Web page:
Jeanette “Jennie” Jerome was born in the Cobble Hill section of Brooklyn, January 9, 1854. Jennie was raised in Brooklyn and other parts of what would become New York City.
There is some controversy regarding the time and place of her birth. A plaque at 426 Henry St. gives her year of birth as 1850, not 1854.
However, on January 9, 1854, the Jerome’s lived at 8 Amity Street (since renumbered as 197).
It is believed that the Jerome’s were temporarily staying at the Henry Street address, which was owned by Jennie’s uncle Addison, and that she was born there during a snowstorm.
Jennie Jerome worked as a magazine editor in early life. Family lore insisted that Jennie had Iroquois ancestry through her maternal grandmother, however there is no research or evidence to corroborate this.
Considered one of the most beautiful women of her time, an admirer, Lord d’Abernon, said of Jennie;
“there was more of the panther than of the woman in her look.”
Just after turning 20 in January of 1874, Jennie met Lord Randolph Churchill. Although the couple became engaged within three days of their initial meeting, the marriage was delayed for months while their parents argued over settlements.
Jennie married Churchill April 15, 1874, at the British Embassy in Paris.
Lord Randolph Churchill was the third son of John Winston Spencer-Churchill, 7th Duke of Marlborough and Lady Frances Anne Emily Vane.
By this marriage, Jennie was properly known as Lady Randolph Churchill and would have been referred to in conversation as Lady Randolph.
Jennie and Randolph had a son less than eight months after the marriage.
Winston Churchill (1874–1965), the future prime minister, was born November 30, 1874.
According to biographer William Manchester, Winston was most likely conceived before the marriage, rather than born prematurely (as a recent biography has stated that he was born two months prematurely after Lady Randolph “had a fall”)
When asked about the circumstances of his birth, Winston would reply,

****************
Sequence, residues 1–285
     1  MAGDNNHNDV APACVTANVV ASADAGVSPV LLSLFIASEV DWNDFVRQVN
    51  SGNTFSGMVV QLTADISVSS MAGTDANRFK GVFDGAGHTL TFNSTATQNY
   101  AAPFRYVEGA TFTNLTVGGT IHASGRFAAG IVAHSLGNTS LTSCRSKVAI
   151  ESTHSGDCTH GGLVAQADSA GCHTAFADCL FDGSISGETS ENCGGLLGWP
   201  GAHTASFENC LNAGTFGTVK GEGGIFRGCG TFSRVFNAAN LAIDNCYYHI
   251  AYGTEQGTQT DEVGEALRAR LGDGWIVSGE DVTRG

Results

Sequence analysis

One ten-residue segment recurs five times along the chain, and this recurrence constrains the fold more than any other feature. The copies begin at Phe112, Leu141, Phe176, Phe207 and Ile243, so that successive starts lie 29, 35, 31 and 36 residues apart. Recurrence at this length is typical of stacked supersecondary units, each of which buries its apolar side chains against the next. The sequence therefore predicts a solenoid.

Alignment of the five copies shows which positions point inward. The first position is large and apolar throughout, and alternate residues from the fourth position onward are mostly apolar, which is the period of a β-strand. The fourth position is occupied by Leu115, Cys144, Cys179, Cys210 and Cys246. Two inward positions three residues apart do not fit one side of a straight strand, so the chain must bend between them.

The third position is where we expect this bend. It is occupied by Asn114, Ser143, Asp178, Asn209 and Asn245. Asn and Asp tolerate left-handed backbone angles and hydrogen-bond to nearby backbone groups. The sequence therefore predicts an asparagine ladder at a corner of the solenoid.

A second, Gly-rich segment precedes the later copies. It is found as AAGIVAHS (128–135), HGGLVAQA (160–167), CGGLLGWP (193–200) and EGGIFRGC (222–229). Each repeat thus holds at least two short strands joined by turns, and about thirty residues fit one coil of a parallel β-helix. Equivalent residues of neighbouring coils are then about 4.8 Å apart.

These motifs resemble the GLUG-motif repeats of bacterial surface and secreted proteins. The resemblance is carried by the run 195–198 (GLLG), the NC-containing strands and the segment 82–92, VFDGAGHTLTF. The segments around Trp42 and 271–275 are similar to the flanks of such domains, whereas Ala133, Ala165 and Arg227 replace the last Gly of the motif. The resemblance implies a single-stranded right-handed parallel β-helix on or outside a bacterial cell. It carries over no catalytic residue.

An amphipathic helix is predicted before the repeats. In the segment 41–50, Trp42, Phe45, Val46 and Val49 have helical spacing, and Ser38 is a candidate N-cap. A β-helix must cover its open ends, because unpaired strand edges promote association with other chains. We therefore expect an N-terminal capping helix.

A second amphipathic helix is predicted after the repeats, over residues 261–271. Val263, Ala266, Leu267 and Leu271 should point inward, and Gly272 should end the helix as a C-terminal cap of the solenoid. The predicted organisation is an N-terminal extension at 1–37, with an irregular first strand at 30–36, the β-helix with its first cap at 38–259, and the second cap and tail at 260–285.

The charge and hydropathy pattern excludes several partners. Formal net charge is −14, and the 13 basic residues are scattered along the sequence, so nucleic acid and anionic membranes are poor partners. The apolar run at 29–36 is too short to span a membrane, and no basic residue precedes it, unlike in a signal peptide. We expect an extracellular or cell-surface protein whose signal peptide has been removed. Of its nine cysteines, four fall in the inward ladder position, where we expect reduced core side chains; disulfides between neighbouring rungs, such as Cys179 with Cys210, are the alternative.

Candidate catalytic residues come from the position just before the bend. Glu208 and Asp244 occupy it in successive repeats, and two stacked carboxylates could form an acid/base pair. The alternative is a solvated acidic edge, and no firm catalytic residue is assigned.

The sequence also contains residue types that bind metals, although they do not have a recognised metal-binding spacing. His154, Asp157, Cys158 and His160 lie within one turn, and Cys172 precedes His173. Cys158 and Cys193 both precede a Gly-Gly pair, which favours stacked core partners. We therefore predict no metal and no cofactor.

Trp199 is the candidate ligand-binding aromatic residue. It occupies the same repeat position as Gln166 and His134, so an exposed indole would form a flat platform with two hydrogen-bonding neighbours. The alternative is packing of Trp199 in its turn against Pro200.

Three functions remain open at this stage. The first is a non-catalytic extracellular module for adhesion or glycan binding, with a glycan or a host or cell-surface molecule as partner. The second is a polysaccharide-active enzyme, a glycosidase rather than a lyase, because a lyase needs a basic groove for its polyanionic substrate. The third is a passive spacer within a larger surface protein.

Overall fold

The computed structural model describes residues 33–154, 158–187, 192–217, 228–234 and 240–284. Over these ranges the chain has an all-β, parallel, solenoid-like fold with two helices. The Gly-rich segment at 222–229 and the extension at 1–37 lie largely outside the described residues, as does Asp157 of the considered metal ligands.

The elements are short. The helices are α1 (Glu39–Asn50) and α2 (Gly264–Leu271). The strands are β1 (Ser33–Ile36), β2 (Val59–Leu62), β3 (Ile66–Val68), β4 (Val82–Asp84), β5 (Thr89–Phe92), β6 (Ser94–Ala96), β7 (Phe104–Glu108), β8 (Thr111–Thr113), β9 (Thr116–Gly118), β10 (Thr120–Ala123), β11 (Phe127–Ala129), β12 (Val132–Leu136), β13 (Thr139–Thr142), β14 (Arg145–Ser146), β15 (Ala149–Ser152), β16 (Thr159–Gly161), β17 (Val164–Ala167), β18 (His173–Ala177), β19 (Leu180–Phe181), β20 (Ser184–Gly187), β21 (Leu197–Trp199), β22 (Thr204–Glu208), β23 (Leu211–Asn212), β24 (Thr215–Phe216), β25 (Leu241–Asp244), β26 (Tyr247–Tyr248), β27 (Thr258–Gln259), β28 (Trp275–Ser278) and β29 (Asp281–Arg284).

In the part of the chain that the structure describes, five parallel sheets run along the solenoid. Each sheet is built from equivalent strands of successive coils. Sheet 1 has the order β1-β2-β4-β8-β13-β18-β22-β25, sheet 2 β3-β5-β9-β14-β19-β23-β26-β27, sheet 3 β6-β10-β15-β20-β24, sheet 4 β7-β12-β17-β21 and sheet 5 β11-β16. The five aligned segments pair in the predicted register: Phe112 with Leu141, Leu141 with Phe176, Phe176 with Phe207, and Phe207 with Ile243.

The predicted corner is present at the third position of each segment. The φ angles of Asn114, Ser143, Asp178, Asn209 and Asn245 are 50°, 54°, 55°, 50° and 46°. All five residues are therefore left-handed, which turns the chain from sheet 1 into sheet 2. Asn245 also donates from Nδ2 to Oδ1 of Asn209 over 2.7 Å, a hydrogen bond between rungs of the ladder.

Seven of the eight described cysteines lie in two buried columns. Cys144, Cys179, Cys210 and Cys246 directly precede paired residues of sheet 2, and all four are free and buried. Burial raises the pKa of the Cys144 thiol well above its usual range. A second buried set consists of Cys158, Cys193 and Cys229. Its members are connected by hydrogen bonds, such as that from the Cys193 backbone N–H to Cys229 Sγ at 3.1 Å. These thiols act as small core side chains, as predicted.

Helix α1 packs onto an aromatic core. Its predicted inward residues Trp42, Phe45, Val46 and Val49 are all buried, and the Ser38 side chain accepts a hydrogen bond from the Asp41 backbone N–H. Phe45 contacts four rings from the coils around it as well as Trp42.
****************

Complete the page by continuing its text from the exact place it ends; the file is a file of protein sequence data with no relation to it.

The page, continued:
“Although present on the occasion, I have no clear recollection of the events leading up to it.”
Portrait of Lady Randolph Churchill with her two sons
Lady Randolph is believed to have had numerous lovers during her marriage, including Karl Kinsky, the Prince of Wales (later King Edward VII of the United Kingdom) and Herbert von Bismarck.
Jennie’s own sisters believed that the biological father of her second son, John Churchill (1880–1947) was Evelyn Boscawen, 7th Viscount Falmouth.
As was the custom of the day, Lady Randolph played a limited role in her sons’ upbringing, relying largely upon nannies, especially Elizabeth Everest. Winston worshiped his mother, writing her numerous letters during his time at school and begging her to visit him, which, however, she rarely did.
After Winston became an adult, they became good friends and strong allies, to the point where Winston regarded his mother as a political mentor, more of a sister than a mother.
Lord Randolph died in 1895 at the age of 45. On July 28th 1900, Jennie married George Cornwallis-West (1874–1951), a captain in the Scots Guards who was the same age as her eldest son, Winston.
Around this time, she became well known for chartering a hospital ship to care for those wounded in the Boer War, and in 1908, she wrote The Reminiscences of Lady Randolph Churchill.
Jennie separated from her second husband in 1912, and they were divorced in April of 1914, whereupon Cornwallis-West married the actress Mrs. Patrick Campbell.
Jennie dropped the surname Cornwallis-West, and resumed the name Lady Randolph Churchill.
Jennie’s third marriage, on June 1st 1918, was to Montagu Phippen Porch (1877–1964), a member of the British Civil Service in Nigeria, who was three years Winston’s junior.
In May 1921, while Montagu Porch was away in Africa, Jennie slipped while coming down a friend’s staircase wearing new high-heeled shoes, breaking her ankle. Gangrene set in, and her left leg was amputated above the knee on June 10th.
Jennie Jerome – Churchill-Cornwallis-West-Porch died at her home in London on June 29, 1921 following a haemorrhage of an artery in her thigh (resulting from the amputation).
Jennie was 67 years old.
She was buried in the Churchill family plot at St Martin’s Church, Bladon, Oxfordshire, next to her first husband.
Now WE know em